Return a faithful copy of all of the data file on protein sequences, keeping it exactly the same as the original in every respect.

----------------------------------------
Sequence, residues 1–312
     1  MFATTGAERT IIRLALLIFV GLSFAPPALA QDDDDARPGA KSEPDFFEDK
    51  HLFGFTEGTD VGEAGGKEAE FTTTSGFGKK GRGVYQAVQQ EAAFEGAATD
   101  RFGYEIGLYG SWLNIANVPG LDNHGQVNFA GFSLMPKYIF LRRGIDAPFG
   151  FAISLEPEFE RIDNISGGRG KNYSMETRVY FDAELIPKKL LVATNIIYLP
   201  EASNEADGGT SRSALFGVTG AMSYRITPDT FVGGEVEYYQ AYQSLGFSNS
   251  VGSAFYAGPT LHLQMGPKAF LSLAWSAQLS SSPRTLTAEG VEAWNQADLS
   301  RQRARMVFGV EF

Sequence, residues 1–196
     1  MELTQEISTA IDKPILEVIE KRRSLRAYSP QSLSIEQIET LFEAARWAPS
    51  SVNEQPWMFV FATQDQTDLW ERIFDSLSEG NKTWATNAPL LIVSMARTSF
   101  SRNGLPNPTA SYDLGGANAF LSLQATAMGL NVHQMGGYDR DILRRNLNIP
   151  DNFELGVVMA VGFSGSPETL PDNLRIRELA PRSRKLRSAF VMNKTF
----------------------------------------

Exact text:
Sequence, residues 1–312
     1  MFATTGAERT IIRLALLIFV GLSFAPPALA QDDDDARPGA KSEPDFFEDK
    51  HLFGFTEGTD VGEAGGKEAE FTTTSGFGKK GRGVYQAVQQ EAAFEGAATD
   101  RFGYEIGLYG SWLNIANVPG LDNHGQVNFA GFSLMPKYIF LRRGIDAPFG
   151  FAISLEPEFE RIDNISGGRG KNYSMETRVY FDAELIPKKL LVATNIIYLP
   201  EASNEADGGT SRSALFGVTG AMSYRITPDT FVGGEVEYYQ AYQSLGFSNS
   251  VGSAFYAGPT LHLQMGPKAF LSLAWSAQLS SSPRTLTAEG VEAWNQADLS
   301  RQRARMVFGV EF

Sequence, residues 1–196
     1  MELTQEISTA IDKPILEVIE KRRSLRAYSP QSLSIEQIET LFEAARWAPS
    51  SVNEQPWMFV FATQDQTDLW ERIFDSLSEG NKTWATNAPL LIVSMARTSF
   101  SRNGLPNPTA SYDLGGANAF LSLQATAMGL NVHQMGGYDR DILRRNLNIP
   151  DNFELGVVMA VGFSGSPETL PDNLRIRELA PRSRKLRSAF VMNKTF